Toxins kill mitochondria. End of story. No mitochondria, no electrochemical gradient and neurons become overstimulated and die. Sad day, take care of your mitochondria. For more on this read Dr. Terry Wahl’s book –The Wahl’s Protocol.

Cardiovascular disease, such as arteriosclerosis and issues like anemia are going to severely limit the amount of oxygen that gets to the brain which is very distal, as well as the most vertically placed structure on the human body. So if your hands and feet get cold or you can’t get a hard on, you can bet your brain ain’t getting what it needs either.

Blood sugar swings are extremely stressful to the brain. The brain needs a steady supply of glucose. In fact, blood sugar instability disrupts all aspects of physiology necessary for healthy brain function. Also, one of the adrenals main jobs is to regulate blood sugar via cortisol, so if the HPA axis is all jacked up blood sugar control will be even more critical due to the fact that their body and brain are not going to be able to take long periods of time without food.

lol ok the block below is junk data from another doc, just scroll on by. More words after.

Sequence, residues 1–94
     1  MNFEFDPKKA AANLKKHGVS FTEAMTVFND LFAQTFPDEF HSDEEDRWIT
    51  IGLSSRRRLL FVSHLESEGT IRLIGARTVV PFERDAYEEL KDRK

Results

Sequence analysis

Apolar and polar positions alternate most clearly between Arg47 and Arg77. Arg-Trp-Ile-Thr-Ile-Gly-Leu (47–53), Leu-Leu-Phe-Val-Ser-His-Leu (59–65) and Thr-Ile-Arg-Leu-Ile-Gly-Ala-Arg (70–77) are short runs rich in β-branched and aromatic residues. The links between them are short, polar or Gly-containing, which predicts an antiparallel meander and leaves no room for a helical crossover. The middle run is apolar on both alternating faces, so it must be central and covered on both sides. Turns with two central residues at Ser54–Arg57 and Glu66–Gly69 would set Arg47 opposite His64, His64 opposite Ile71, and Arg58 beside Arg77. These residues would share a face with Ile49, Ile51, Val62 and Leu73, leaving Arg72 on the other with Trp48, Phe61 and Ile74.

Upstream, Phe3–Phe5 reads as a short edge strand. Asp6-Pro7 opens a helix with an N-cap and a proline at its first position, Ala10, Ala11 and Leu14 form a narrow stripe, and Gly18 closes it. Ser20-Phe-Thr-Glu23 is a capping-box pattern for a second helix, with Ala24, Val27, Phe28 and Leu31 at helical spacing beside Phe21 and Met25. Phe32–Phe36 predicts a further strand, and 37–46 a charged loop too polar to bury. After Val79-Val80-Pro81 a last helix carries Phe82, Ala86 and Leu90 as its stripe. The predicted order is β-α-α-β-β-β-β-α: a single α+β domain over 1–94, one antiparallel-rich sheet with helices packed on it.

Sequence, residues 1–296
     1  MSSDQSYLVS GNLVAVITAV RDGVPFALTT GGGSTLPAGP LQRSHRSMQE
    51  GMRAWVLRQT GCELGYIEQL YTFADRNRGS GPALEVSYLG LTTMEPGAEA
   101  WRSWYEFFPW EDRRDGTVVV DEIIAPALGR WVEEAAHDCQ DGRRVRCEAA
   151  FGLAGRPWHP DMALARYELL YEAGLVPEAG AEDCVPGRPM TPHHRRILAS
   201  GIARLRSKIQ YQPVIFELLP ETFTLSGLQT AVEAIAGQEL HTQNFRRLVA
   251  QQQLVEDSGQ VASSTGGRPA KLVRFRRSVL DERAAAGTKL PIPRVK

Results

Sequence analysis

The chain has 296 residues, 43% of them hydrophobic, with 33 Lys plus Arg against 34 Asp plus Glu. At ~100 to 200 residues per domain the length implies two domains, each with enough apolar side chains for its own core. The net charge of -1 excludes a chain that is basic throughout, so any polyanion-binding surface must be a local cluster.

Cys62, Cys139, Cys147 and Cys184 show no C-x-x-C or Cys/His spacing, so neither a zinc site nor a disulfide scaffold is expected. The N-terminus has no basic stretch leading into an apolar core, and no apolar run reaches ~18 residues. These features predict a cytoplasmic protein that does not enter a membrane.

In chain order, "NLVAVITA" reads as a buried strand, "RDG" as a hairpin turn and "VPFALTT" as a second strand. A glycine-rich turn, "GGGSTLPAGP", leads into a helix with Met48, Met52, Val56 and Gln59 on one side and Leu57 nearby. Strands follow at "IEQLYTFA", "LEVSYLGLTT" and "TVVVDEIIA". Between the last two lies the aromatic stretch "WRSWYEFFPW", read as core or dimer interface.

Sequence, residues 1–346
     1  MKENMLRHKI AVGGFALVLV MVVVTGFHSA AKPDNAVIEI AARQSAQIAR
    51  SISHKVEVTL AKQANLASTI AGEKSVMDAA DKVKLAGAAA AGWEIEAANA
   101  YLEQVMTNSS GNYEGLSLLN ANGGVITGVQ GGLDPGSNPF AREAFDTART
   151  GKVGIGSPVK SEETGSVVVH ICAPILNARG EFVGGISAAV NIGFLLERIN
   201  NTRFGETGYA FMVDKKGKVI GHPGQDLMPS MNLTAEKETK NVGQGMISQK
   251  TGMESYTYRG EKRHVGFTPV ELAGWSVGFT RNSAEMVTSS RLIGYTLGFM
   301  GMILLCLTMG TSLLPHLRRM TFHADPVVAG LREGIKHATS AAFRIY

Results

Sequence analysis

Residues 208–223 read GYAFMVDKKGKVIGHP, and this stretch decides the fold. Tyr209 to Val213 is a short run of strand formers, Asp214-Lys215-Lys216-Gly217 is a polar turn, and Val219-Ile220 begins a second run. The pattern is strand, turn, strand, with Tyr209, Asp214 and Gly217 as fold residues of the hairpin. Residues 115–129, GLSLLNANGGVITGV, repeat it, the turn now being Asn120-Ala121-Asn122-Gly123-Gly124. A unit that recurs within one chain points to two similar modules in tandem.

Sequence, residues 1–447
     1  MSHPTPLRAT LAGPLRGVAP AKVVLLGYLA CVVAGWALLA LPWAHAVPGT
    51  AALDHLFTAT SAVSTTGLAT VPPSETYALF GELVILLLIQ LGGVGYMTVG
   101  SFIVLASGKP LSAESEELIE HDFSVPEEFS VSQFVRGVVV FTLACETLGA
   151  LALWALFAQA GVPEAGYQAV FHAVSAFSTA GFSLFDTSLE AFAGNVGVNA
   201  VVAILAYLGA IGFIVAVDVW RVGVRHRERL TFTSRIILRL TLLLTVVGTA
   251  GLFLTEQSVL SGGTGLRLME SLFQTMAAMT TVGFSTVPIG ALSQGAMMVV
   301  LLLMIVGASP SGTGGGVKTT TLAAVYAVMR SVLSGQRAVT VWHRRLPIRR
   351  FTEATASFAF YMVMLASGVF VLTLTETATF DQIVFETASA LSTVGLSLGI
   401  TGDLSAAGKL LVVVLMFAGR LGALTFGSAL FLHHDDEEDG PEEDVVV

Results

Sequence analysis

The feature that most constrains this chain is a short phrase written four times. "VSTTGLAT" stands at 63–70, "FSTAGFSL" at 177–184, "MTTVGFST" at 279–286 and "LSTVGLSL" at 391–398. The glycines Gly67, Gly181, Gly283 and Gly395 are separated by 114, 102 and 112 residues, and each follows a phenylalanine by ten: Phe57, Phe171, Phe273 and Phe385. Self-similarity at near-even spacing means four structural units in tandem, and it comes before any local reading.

To take it a bit deeper, this aspect is so important the Brain has evolved multiple mechanisms to make sure that blood glucose levels doesn’t get too low, these include the hypothalamus signaling increases in hunger, ramping up cortisol via the HPA axis, and even the secretion of sympathetic hormones like adrenaline.

Let’s now think through one of the most common reasons people wake up in the middle of the night – blood glucose drops too low while sleeping, sleep walk eating might help, but better yet would be a slow rise in cortisol, however the adrenals might be too kicked to make this happen so then the last resort is to pump out adrenaline to raise blood glucose in a matter of minutes via glycogenolysis and you jump out of bed screaming with little chance of getting back to sleep.

So the next time your client comes in and can’t pay attention ask them what they had for breakfast, ask them if they eat any high quality sources of fish, ask them about their sleep, and creepily watch their breathing mechanics. Over time with the right interpretation, advice, and buy-in your client will be able to get more productive work done in each session.

They may even see a massive difference in their everyday life, and who knows over time you may even be able to stop someone from getting Alzheimer’s or type 3 diabetes. Don’t think that’s a big deal – volunteer to get dementia or forget your kid’s names. If that doesn’t scare you into action maybe this will by 2025 Alzheimer’s related costs will exceed the entire fiscal budget of the United States.

 

By: Ben House PhD Candidate, FDN, fNMT